It’s that time of year when everything changes outdoors, which alters what I do indoors in the shop to adjust to the cold.
As Thanksgiving approaches two things happen like clockwork. The most welcome of these events is that my sociopathic neighbor finally cuts back on her incessant lawn mowing. Pleasantly, she’s only mowing every 48 hours now, a huge decrease in her usual routine. The other thing isn’t so welcome, however, and that’s the fact that my garage shop turns into the North Pole. By that, I don’t mean it’s time to start making a few Christmas gifts. (Although it’s time to do that, too.)
What I’m talking about is the annual deep freeze my shop becomes. It’s no problem at all when working, as I just kick on the gas heater I installed two years ago and I’m working in shirtsleeve comfort. But at night or any other time I’m not working, it’s cold out there. That means it’s time to grab up all my glues and finishing supplies, and move them inside the house.
Fortunately, our laundry room connects to my shop and the house, so I can make use of the cabinets in there for storage. It adds a few steps when gluing up or finishing projects, but keeping the materials out of the cold is well worth it. As long as I remember to do it.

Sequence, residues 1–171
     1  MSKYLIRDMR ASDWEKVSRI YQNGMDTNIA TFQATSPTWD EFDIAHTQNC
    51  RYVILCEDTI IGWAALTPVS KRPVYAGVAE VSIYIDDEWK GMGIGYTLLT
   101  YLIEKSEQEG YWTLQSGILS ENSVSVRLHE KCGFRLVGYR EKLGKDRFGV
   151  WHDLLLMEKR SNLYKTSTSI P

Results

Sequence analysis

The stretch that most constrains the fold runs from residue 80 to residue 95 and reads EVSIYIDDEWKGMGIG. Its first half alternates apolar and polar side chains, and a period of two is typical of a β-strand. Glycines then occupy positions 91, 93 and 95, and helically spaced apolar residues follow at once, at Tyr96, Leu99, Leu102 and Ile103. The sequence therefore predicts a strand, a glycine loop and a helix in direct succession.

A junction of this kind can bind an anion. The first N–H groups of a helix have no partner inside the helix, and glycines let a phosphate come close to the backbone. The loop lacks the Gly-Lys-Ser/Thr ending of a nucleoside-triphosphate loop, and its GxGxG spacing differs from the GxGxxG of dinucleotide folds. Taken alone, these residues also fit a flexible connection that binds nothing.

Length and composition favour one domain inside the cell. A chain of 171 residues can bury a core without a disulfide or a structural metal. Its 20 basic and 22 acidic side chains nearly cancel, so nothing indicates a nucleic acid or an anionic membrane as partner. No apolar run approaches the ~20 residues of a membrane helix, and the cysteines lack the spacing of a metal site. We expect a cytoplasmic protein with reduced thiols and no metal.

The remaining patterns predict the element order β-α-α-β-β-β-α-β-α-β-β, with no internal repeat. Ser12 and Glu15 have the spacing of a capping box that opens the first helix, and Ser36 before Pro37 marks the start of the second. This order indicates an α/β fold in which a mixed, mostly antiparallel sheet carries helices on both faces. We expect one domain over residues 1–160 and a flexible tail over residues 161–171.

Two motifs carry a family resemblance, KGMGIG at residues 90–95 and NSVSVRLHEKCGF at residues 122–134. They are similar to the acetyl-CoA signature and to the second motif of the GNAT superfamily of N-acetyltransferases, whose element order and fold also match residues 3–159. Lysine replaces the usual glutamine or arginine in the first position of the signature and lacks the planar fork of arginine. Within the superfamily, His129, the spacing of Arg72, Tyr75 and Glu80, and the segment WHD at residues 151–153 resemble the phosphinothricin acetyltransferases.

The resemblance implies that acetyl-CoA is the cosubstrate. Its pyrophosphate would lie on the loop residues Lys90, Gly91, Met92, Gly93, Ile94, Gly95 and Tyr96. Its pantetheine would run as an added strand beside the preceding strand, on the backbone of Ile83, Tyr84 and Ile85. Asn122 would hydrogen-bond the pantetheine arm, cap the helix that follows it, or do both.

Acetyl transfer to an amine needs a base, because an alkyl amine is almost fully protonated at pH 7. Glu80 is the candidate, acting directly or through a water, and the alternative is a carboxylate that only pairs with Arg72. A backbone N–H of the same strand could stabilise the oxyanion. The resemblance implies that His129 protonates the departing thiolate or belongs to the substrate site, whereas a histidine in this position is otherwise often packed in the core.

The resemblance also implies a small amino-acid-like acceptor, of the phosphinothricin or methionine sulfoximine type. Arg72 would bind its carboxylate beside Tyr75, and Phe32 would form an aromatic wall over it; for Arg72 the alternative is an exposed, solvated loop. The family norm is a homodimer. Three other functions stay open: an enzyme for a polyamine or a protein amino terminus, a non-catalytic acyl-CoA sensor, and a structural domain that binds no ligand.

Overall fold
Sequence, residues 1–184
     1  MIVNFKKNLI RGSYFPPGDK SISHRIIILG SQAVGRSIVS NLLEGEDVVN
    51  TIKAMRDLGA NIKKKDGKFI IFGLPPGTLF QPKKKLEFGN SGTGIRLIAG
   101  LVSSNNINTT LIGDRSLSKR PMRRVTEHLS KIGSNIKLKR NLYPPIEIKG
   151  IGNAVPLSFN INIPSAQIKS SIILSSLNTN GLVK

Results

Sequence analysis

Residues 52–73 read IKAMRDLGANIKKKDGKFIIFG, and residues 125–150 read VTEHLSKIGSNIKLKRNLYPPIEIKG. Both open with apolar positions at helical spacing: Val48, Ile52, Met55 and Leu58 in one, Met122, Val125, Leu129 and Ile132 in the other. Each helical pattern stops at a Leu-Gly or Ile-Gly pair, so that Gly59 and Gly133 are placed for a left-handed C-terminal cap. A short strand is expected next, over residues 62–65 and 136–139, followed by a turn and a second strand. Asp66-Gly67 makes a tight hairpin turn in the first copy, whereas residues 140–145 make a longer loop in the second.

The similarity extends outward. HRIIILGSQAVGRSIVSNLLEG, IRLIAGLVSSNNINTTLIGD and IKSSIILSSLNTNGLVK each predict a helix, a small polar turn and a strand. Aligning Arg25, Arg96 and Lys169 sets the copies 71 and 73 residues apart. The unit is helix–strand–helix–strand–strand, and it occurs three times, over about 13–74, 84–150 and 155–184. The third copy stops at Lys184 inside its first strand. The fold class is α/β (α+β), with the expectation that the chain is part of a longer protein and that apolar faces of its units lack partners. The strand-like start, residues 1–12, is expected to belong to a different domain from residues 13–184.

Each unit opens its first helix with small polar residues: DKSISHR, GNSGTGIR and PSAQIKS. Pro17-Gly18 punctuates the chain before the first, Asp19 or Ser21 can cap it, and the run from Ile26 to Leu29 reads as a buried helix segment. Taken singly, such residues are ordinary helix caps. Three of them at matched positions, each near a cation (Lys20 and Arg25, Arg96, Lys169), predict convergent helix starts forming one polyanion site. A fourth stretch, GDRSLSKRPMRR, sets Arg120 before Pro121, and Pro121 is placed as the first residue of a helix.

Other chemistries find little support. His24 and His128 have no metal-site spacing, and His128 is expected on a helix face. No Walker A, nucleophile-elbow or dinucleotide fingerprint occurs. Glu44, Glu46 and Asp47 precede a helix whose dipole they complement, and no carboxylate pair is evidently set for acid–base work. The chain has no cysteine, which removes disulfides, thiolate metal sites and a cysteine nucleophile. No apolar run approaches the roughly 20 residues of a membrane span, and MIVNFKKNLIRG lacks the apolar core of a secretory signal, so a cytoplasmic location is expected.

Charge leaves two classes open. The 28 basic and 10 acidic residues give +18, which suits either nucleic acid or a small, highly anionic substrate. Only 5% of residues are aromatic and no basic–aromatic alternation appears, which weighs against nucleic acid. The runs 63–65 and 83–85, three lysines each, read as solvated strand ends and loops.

I put a coat of polyurethane on a project yesterday, planning to follow it up with a second coat today. And although I brought the project itself into the house, I neglected to bring the can back inside and this morning that varnish is, shall we say, a little on the thick side. Not a huge hardship, as the can is sitting on the kitchen counter now warming up to working temperature, but it is one of the things I need to adjust to this time of year.
All in all, moving my supplies twice a year to accommodate the cold is a minor thing in my circumstances. I know a lot of guys who have much, much colder shops in colder climates this time of year, and I can only imagine how they handle it.